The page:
United States v. Verdugo-Urquidez
Decided on Feb. 28, 1990; 494 US 259

The Fourth Amendment does not apply to the search and seizure by United States agents of property owned by a nonresident alien and located in a foreign country. The reference in the Constitution to "the people" means all citizens and legal aliens while in the United States.


A. Issues Discussed: Search and seizure

B. Legal Question Presented:

Does the Fourth Amendment apply to the search and seizure by United States agents of property that is owned by a nonresident alien and located in a foreign country?


A. Background:

"After the Government obtained an arrest warrant for respondent - a Mexican citizen and resident believed to be a leader of an organization that smuggles narcotics into this country - he was apprehended by Mexican police and transported [in the U.S.], where he was arrested.

Following his arrest, Drug Enforcement Administration (DEA) agents, working with Mexican officials, searched his Mexican residences and seized certain documents. The District Court granted his motion to suppress the evidence, concluding that the Fourth Amendment - which protects 'the people' against unreasonable searches and seizures - applied to the searches, and that the DEA agents had failed to justify searching the premises without a warrant.

The Court of Appeals affirmed. Citing Reid v. Covert, which held that American citizens tried abroad by United States military officials were entitled to Fifth and Sixth Amendment protections - the court concluded that the Constitution imposes substantive constraints on the Federal Government, even when it operates abroad.

Relying on INS v. Lopez-Mendoza, where a majority assumed that illegal aliens in the United States have Fourth Amendment rights - the court observed that it would be odd to acknowledge that respondent was entitled to trial-related rights guaranteed by the Fifth and Sixth Amendments, but not to Fourth Amendment protection."

On certiorari, the US Supreme Court reversed the judgment of the US Court of Appeals for the Ninth Circuit.

B. Counsel of Record:
Opposing Side
Unavailable Unavailable
C. The Arguments:
Opposing Side
Unavailable Unavailable
Opposing Side
Michael Pancer argued the cause for respondent. With him on the brief were Charles L. Goldberg and Patrick Q. Hall.

John A. Powell, Paul L. Hoffman, and David D. Cole filed a brief for the American Civil Liberties Union et al. as amici curiae urging affirmance.

Lawrence S. Robbins argued the cause for the United States. With him on the briefs were Solicitor General Starr, Assistant Attorney General Dennis, and Deputy Solicitor General Bryson.

Kent S. Scheidegger filed a brief for the Criminal Justice Legal Foundation as amicus curiae urging reversal.

The Supreme Court held that "The Fourth Amendment does not apply to the search and seizure by United States agents of property owned by a nonresident alien and located in a foreign country...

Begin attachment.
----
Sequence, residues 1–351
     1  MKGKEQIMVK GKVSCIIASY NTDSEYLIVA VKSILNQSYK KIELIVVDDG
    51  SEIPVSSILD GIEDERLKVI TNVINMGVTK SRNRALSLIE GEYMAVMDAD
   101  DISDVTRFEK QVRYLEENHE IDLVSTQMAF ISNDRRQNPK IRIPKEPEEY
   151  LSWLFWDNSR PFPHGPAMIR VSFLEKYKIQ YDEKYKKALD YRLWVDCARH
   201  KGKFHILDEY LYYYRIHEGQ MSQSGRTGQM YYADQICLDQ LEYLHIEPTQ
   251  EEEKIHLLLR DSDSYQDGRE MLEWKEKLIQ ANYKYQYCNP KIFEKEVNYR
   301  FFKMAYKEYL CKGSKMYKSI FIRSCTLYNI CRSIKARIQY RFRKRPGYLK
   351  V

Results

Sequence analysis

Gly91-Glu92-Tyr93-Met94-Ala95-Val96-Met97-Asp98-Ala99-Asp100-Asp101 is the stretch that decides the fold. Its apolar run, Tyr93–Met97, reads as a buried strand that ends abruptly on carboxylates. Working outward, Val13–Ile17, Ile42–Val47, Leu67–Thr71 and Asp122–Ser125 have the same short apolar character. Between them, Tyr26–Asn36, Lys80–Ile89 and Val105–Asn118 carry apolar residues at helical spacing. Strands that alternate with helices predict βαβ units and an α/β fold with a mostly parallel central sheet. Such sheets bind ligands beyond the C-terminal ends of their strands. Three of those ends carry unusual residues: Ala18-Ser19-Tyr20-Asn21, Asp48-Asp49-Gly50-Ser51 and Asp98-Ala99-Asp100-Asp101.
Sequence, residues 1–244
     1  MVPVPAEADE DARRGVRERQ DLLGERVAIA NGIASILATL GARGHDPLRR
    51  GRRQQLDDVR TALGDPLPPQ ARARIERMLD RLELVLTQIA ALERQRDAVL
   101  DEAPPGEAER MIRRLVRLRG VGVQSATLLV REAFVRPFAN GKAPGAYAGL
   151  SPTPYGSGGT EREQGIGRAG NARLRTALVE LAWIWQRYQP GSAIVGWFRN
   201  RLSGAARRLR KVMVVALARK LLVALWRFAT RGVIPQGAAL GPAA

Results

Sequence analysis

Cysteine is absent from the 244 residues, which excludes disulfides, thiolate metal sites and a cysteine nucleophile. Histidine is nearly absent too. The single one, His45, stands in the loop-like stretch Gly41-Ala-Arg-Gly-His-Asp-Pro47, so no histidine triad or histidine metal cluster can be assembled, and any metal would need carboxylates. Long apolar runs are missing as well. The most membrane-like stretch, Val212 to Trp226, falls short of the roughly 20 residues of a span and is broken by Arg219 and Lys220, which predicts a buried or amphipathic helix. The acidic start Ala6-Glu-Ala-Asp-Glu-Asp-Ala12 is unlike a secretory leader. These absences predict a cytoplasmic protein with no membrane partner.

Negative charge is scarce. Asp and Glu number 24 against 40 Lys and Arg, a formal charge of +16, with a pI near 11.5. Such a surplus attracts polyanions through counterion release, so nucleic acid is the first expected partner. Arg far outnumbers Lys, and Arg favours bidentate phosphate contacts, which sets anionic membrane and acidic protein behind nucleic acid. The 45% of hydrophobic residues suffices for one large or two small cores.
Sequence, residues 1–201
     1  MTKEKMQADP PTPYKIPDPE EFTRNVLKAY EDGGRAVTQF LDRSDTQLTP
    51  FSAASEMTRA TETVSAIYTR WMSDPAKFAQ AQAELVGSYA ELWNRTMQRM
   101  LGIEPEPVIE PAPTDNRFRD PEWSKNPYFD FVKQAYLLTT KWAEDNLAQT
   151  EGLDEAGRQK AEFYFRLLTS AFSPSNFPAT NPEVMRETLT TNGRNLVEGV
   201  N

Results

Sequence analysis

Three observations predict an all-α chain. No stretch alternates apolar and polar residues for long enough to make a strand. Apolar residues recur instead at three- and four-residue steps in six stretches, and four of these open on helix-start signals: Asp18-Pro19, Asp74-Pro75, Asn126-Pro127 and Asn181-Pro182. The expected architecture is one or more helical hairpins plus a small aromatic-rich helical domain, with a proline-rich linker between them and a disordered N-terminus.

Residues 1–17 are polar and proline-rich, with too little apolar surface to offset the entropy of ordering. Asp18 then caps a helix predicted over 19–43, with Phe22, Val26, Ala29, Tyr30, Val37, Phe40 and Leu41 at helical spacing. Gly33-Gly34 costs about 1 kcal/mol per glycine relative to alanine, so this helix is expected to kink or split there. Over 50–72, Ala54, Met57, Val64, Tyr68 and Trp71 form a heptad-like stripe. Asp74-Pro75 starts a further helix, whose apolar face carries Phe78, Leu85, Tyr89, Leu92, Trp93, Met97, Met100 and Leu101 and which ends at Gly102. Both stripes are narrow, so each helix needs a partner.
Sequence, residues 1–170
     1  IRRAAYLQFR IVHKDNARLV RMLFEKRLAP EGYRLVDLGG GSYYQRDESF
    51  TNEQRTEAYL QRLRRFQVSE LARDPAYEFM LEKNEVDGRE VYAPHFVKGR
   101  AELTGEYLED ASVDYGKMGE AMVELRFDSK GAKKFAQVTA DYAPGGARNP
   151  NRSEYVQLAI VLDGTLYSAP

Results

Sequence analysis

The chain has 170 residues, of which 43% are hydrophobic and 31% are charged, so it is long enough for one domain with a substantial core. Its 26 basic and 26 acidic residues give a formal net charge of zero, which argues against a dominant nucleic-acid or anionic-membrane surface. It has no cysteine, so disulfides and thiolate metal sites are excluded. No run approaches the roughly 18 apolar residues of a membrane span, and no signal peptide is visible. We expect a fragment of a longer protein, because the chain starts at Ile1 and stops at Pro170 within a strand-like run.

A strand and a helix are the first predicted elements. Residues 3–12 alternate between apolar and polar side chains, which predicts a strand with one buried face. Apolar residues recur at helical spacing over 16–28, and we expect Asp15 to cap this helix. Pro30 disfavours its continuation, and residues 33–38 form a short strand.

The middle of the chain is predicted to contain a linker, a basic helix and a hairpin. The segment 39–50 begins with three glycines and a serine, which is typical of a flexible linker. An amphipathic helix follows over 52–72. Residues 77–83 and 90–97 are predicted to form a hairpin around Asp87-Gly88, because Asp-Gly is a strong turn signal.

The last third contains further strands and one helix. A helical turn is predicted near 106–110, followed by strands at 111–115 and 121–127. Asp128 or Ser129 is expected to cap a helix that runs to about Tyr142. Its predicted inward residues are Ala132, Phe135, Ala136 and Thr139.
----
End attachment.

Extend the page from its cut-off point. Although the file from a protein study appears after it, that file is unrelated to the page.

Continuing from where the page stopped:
The Fourth Amendment phrase 'the people' seems to be a term of art used in select parts of the Constitution and contrasts with the words 'person' and 'accused' used in Articles of the Fifth and Sixth Amendments regulating criminal procedures. This suggests that 'the people' refers to a class of persons who are part of a national community or who have otherwise developed sufficient connection with this country to be considered part of that community.

The Fourth Amendment's drafting history shows that its purpose was to protect the people of the United States against arbitrary action by their own Government and not to restrain the Federal Government's actions against aliens outside United States territory...

The view that every constitutional provision applies wherever the Government exercises its power is contrary to this Court's decisions in the Insular Cases, which held that not all constitutional provisions apply to governmental activity even in territories where the United States has sovereign power...

Those cases in which aliens have been determined to enjoy certain constitutional rights establish only that aliens receive such protections when they have come within the territory of, and have developed substantial connections with, this country. Respondent, however, is an alien with no previous significant voluntary connection with the United States, and his legal but involuntary presence here does not indicate any substantial connection with this country...

The Court of Appeals' rule would have significant and deleterious consequences for the United States in conducting activities beyond its borders... Any restrictions on searches and seizures incident to American action abroad must be imposed by the political branches through diplomatic understanding, treaty, or legislation."

The US Supreme Court reversed the US Court of Appeals for the Ninth Circuit judgment.

Justice Vote: 3 Pro vs. 6 Con
  • Brennan, W. Pro (Wrote dissenting opinion)
  • Blackmun, H. Pro (Wrote dissenting opinion)
  • Marshall, T. Pro (Joined dissenting opinion)
  • Rehnquist, W. Con (Wrote majority opinion)
  • Kennedy, A. Con (Wrote concurring opinion)
  • Stevens, J. Con (Wrote concurring opinion)
  • White, B. Con (Joined majority opinion)
  • O'Connor, S. Con (Joined majority opinion)
  • Scalia, A. Con (Joined majority opinion)

    The ACLU, as amicus curiae, urged affirmance of the judgment of the United States Court of Appeals for the Ninth Circuit; the Supreme Court reversed in a 3-6 vote, giving the ACLU an apparent loss.